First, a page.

I have to admit that when I initially heard the details of the 337 Edition GTi, I was very excited. To me, it seemed like Volkswagen had finally gotten the message and brought us a modern interpretation of the car that I loved, the 1990-1992 GTi 2.0 16V. After a period of low performance 4-cylinder variants, the pokey 1.8T was now pumping out 180 horsepower and matching torque – finally, the car had the go to match the show. While the VR6 had continued into the fourth generation GTi, the accompanying weight, luxury items and electronic throttle meant that while horsepower numbers went up, the seat of the pants kick and thrill that was the hallmark of the original and 16V GTi – and even the Mk.3 VR6 – had been replaced by a stout highway cruiser. As if to answer critics and revisit the original formula, in 2001 Volkswagen introduced a stripped down, turned up version of the GTi called the 25th Anniversary edition, celebrating the original 1976 launch. For me, it was a return to form for the original hot hatch with some great updates. Unfortunately, it wasn’t heading to the U.S., because of course we didn’t receive the GTi until the 1983 model year. But U.S. fans were taken care of too when the nearly identical GTi 337 was launched. Outside, it got some awesome shot-peened BBS RC wheels that looked stunning compared the the rather bland wheels styles that had adorned the GTi since the BBS RMs on the 16V. Behind those wheels were beefed up brakes and red calipers, because red is of course faster (or, slower in that case?). It also sported a new body kit that highlighted the lower stance – hunkering the GTi down over those great wheels. After a period of hidden tailpipes, a polished exhaust tip emerged from the rear valance – a nice change for sure! Inside, special details like brushed trim, red-stitched shift boot and special “Golf Ball” knob for the 6-speed manual and some awesome Recaro seats greeted you. And to keep weight down, no sunroof was offered. This was a sporty car that went like it looked for a change! Limited to 1,500 examples, it was an instant hit and apparently a good bet for a future collectable:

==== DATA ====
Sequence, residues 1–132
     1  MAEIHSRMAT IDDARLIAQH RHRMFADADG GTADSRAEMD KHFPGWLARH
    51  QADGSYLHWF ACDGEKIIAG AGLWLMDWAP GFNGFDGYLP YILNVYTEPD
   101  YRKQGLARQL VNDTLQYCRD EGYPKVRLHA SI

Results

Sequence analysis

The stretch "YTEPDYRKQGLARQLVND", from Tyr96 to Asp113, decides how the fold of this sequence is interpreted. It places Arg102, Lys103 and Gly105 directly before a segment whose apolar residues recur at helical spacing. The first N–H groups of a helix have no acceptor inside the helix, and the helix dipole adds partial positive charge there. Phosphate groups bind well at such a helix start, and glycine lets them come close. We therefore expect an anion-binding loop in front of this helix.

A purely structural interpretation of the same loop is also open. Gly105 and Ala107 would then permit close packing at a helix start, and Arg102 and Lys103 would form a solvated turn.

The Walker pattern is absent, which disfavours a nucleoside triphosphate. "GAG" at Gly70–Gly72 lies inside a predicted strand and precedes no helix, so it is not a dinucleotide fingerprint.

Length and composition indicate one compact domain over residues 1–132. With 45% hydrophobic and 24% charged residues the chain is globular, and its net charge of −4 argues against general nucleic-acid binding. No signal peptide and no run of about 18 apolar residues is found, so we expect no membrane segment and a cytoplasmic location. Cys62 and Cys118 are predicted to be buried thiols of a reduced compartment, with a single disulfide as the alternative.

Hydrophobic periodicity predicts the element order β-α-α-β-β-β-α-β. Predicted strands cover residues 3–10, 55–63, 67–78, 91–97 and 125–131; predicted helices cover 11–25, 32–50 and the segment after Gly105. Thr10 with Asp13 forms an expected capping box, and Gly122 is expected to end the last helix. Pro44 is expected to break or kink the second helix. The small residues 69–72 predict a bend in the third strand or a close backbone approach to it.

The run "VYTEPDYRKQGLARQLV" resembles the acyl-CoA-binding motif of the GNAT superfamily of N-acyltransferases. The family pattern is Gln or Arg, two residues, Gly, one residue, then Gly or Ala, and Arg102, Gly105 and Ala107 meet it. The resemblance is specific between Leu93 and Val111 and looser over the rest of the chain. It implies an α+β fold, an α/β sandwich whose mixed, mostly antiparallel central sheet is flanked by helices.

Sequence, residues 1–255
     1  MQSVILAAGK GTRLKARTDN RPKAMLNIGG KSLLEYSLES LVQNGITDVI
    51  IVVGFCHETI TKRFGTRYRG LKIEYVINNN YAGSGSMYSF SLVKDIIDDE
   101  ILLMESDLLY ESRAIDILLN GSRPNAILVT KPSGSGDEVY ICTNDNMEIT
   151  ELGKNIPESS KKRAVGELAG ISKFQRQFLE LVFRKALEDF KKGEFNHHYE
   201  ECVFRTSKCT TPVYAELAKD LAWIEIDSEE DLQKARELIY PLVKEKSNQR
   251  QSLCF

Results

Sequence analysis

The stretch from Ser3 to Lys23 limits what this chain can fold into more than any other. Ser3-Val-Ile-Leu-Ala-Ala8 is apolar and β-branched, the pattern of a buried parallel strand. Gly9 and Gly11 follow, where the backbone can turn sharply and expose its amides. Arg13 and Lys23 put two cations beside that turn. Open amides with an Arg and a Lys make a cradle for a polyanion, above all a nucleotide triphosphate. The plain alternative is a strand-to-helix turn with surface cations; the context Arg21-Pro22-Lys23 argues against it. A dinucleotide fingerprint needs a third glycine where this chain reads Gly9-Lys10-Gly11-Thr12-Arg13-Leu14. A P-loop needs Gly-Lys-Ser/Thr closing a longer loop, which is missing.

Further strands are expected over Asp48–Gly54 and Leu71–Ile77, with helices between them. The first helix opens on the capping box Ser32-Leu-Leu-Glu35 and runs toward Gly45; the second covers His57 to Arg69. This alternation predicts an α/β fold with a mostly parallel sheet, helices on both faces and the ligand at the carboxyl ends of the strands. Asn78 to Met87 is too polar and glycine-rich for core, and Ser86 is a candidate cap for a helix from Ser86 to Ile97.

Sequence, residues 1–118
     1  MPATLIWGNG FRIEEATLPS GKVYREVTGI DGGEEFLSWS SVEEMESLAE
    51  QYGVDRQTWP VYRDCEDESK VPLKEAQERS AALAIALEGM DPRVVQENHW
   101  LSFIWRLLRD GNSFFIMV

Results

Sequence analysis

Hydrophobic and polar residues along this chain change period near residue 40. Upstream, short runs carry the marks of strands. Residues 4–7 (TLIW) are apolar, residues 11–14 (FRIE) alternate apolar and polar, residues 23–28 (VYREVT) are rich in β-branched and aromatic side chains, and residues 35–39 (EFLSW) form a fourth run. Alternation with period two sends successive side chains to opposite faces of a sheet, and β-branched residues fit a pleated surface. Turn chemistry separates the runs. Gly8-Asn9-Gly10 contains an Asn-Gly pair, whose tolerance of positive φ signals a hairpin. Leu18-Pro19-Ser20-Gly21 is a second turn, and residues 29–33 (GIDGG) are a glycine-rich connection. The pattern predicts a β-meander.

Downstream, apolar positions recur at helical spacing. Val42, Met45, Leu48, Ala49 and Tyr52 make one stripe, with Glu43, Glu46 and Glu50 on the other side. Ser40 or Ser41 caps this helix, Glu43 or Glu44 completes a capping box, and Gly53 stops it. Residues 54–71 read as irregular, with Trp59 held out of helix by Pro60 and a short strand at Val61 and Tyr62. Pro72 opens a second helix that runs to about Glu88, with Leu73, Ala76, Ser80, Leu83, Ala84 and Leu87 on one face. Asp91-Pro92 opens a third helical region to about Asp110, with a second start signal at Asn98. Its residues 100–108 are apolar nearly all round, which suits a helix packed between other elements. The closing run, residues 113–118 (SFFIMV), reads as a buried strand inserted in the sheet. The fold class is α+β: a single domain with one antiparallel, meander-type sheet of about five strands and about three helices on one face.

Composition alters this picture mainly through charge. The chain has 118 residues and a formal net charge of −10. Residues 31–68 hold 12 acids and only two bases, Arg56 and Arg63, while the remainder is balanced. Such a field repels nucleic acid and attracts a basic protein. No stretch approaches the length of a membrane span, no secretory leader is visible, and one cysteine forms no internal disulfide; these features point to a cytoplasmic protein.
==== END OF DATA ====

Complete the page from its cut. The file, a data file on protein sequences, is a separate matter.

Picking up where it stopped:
CLICK FOR DETAILS: 2002 Volkswagen GTi 337 on eBay
Model: GTi 337
Engine: 1.8 liter turbocharged inline-4
Transmission: 6-speed manual
Mileage: 6,700 mi
Price: $25,000 Buy It Now
2002 Volkwagen GTI 337 Limited Edition 6K all original
Up for sale is one of my private collection “2002 Volkwagen GTI 337 Limited Edition 6K all original” This car is all original with an exaption of a “Neuspeed air System and a Forge Blow off valve” Everything else is OEM and the way it came out of the VW line.
This car has been on my collection for 12 years. It only been taken out for summer drives. All its life was under a blanked in a garage. Only taken out for sunny rides. Every week i take him out for a spin around the block. Oil change had been done by me every 3 months or so with Mobil 1 Full synthetic 5W40. I have paper work from Mattie Imports for the ignition coils recall/brake lights and driver side window. The tires are new. This car always been plugged to the Sears Die Hard battery maintainer, it as a new battery from Interstate Battery. Please view pix for all details.
My video and my channel
The reason I’m selling this car is because i don’t have the room anymore and need the space for something else coming soon.
I will only take cash!
There will be no single test drives without me driving!
I will not ship!
Buyer must pick it up!
Many of the upgrades were incorporated into the later 20th Anniversary Edition GTis, but the 337 still looks a bit better to me with those BBS wheels. It’s pretty amazing that this car has survived with so few miles; condition is obviously excellent and perhaps the best in the country. A fair amount of these cars experienced lots of modifications to make them quicker as many Volkswagens do; the mods here are limited and easily reversible. Originality is king here, and they just don’t come much more new than this car does – if you want a brand new 12 year old GTi 337 Edition, here it is. Despite that, there are a few problems – first, the Mk.4 isn’t known for the best build quality, as many will attest – but with so few miles, so few mods and good condition, hopefully this example won’t have many of the gremlins usually found in these models. The bigger issue is the price – at $25,000, it’s even more expensive than the original sticker price of around $22,000. You really would have to want a near perfect 337 to pay that amount, since you can get into a brand new GTi 2.0T, replete with warranty, more creature comforts and better performance for about the same amount. In fact, the starting price for a 2014 GTi is less than the asking price for this car. While it’s awesome to see such a low-mileage, good looking package like this car is, I’d opt for the new car every day of the week. If this car was more in the $15,000-$18,000 range, it would at least be feasible to justify – but as it sits, it’s going to be a very hard sale I think.